Budget 2016: Here is everything we know so far about the radical new policies set to be introduced


What we know, ahead of the speech on Wednesday

Low-paid workers get savings top up

The government has announced it will set aside some money to top up the savings of low-paid workers.

Employees on in-work benefits who save £50 a month will get a 50% bonus after two years.

The bonus would be worth £600 in the first two years and a further £600 over the next two years.

Known as Help to Save, the accounts will come into effect in April 2018.

It’s not clear yet how much this measure would cost the taxpayer, though £50 a month is a lot for a low-paid worker to save, so London Loves Business reckons it’s not likely to make a significant dent in the UK’s finances.

Minimum wage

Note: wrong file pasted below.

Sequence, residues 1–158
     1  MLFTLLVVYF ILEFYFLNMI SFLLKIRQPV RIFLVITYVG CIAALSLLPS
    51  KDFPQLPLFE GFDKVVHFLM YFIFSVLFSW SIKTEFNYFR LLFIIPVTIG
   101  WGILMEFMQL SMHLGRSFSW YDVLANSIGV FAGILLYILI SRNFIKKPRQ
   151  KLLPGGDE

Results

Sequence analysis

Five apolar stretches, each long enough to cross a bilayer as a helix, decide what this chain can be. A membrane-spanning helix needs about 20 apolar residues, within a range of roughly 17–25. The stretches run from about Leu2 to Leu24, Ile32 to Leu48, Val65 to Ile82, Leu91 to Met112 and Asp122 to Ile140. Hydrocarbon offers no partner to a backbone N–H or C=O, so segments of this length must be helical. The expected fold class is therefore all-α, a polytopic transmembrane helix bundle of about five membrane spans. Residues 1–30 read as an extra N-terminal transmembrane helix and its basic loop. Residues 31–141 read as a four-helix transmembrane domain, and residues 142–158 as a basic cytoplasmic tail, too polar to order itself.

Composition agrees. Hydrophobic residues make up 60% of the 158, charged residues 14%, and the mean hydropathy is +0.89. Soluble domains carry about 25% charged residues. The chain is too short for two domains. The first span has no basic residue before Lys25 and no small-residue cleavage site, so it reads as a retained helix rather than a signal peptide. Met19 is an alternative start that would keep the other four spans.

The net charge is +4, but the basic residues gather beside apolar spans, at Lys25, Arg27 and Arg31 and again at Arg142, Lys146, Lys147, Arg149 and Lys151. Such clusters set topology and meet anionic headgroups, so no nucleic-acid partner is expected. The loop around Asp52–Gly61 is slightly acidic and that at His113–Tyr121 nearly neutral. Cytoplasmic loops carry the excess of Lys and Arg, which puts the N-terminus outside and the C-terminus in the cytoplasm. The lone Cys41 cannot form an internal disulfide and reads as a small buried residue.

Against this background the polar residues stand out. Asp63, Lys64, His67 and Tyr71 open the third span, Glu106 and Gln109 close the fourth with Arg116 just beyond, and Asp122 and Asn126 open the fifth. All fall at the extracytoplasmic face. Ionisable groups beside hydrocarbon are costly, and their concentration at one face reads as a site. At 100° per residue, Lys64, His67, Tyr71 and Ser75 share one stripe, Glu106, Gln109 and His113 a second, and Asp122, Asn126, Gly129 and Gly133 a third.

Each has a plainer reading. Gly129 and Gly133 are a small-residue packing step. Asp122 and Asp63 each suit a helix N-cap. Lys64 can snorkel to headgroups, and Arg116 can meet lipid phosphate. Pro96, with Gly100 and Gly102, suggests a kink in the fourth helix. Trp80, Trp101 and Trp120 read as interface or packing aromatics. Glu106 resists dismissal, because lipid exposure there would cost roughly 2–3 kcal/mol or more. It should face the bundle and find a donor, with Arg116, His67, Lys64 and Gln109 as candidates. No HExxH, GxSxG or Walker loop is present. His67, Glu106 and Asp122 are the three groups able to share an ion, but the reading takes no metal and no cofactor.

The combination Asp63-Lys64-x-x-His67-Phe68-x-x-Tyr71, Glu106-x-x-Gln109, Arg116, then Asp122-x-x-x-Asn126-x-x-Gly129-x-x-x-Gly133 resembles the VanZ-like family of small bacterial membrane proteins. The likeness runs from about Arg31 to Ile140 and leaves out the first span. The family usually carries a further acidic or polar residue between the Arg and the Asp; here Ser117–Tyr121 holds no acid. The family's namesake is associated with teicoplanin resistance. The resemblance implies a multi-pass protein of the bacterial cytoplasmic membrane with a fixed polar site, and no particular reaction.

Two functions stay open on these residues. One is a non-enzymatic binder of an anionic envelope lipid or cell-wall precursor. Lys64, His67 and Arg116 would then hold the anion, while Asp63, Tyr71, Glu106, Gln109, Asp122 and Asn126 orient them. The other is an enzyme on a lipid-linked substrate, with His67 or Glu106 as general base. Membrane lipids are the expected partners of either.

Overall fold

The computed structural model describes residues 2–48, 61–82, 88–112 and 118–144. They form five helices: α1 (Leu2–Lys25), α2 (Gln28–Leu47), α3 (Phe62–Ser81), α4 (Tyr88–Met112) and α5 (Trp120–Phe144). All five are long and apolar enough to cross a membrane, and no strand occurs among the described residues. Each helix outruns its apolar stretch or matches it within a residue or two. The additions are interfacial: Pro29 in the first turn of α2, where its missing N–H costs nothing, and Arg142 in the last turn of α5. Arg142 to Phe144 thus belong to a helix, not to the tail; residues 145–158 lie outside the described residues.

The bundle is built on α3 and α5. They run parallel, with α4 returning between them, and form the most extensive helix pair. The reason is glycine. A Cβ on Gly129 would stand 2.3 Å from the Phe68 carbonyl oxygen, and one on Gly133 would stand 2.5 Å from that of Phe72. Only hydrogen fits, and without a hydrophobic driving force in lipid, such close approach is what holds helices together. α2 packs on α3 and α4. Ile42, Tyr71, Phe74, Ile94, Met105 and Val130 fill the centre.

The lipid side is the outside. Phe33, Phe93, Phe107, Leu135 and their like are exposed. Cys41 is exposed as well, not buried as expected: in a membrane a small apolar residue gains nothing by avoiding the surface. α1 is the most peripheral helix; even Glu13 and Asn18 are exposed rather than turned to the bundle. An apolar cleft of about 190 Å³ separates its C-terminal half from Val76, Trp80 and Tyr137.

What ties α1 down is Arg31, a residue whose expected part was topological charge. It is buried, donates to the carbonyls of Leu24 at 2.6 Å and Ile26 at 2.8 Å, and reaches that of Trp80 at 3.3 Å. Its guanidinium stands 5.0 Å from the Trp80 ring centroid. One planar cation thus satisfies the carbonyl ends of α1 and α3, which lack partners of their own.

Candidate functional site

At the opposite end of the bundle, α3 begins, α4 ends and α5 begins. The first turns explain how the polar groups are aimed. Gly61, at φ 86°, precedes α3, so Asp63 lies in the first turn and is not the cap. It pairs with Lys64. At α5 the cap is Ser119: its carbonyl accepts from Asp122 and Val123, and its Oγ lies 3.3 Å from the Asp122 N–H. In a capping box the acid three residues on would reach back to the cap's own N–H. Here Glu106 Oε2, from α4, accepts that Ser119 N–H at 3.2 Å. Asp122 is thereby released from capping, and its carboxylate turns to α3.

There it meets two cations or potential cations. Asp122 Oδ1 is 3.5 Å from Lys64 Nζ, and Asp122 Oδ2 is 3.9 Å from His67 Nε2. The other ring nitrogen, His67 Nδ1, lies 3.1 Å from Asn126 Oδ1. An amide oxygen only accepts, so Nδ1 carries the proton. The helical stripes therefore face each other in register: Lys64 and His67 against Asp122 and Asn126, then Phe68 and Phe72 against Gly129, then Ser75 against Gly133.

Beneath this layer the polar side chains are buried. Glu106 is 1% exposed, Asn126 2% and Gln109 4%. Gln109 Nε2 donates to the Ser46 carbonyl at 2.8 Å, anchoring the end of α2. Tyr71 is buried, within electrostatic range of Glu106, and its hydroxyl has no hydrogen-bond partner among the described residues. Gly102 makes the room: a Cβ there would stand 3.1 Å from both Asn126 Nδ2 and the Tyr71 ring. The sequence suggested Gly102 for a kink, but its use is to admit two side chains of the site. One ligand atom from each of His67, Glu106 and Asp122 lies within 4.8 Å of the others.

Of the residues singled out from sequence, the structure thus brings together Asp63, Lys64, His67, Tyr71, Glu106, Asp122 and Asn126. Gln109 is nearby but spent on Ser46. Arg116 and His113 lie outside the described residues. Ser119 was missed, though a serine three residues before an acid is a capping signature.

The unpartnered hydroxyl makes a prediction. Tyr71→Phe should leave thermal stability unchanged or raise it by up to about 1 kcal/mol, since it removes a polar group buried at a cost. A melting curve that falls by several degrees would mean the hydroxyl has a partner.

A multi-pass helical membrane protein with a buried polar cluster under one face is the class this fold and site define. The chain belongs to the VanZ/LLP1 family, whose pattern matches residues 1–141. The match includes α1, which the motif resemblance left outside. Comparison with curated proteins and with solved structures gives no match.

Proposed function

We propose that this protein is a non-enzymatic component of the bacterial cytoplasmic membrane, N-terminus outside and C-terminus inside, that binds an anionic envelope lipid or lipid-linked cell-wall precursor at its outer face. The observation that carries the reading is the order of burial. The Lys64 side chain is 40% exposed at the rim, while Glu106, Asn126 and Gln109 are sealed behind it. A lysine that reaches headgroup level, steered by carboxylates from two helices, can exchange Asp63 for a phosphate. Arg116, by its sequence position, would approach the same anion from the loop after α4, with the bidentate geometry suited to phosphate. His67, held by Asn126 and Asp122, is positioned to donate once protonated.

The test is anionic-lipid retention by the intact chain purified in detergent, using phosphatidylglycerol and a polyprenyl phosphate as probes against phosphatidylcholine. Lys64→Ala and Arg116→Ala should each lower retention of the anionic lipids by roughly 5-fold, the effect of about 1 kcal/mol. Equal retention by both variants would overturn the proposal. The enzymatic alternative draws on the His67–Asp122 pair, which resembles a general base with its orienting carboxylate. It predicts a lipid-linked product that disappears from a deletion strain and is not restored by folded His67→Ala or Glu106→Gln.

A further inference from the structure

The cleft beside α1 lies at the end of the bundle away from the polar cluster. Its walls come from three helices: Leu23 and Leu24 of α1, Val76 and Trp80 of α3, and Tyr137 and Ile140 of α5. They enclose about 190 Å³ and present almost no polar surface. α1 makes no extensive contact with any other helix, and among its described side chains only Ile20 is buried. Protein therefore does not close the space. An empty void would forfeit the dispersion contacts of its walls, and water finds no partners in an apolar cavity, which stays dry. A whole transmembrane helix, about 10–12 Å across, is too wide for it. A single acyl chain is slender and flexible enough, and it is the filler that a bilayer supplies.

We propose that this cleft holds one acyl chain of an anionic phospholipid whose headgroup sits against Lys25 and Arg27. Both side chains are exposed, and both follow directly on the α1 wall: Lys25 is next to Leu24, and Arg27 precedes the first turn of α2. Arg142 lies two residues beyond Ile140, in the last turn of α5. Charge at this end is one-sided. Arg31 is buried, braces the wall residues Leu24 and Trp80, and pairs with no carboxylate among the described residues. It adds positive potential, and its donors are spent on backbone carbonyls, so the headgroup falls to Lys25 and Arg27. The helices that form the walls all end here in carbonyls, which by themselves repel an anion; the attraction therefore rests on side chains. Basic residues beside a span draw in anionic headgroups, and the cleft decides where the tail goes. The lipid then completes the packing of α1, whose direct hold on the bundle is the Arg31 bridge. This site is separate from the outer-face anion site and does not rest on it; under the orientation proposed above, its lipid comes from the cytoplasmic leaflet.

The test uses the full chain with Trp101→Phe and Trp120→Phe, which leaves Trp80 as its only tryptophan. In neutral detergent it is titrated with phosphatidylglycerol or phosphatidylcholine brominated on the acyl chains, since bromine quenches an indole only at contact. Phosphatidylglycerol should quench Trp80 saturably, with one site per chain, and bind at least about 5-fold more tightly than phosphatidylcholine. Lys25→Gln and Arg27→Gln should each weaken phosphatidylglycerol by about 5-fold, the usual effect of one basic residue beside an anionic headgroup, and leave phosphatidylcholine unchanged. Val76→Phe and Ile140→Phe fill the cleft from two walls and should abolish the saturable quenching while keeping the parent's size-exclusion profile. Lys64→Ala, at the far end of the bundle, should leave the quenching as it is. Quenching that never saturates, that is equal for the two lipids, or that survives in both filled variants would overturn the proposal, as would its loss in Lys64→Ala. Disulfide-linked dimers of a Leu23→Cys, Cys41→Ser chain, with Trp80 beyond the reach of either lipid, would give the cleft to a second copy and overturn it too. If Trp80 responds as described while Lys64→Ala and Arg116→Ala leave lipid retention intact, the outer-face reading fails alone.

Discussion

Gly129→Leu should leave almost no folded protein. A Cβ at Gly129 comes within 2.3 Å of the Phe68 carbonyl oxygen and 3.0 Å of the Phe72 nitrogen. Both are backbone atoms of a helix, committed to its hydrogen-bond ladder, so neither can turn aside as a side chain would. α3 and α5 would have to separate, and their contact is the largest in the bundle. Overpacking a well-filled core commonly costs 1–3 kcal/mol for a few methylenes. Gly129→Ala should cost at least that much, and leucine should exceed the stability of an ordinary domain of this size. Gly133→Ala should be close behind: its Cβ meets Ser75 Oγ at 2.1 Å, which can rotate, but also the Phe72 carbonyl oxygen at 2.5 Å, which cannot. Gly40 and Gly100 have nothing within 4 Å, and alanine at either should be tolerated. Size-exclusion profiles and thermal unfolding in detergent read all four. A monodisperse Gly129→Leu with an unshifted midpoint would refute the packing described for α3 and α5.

There will be an increase in the minimum wage from October 2016.

The level for 21 to 24-year-olds will rise from £6.70 to £6.95 an hour, while 18 to 20-year-olds will receive a rise, from £5.30 to £5.55 an hour. 16-17 year olds will receive a 13p rise to £4 an hour, while apprentices will get an extra 10p to see their pay soar to £3.40.

This is not part of the government’s new living wage, as these groups are exempted from that pay rise due to their age.

Spending cuts

The UK has to “act now so we don’t pay later”, Chancellor George Osborne said, revealing plans to cut 50p per £100 in government spending.

Osborne said: “My message in this Budget is that the world is a more uncertain place than at any time since the financial crisis and we need to act now so we don’t pay later.

“That is why I need to find additional savings equivalent to 50p in every £100 the government spends by the end of the decade, because we’ve got to live within our means to stay secure.

“That’s the way we make Britain fit for the future.”

The chancellor said the money was “not a huge amount in the scheme of things”.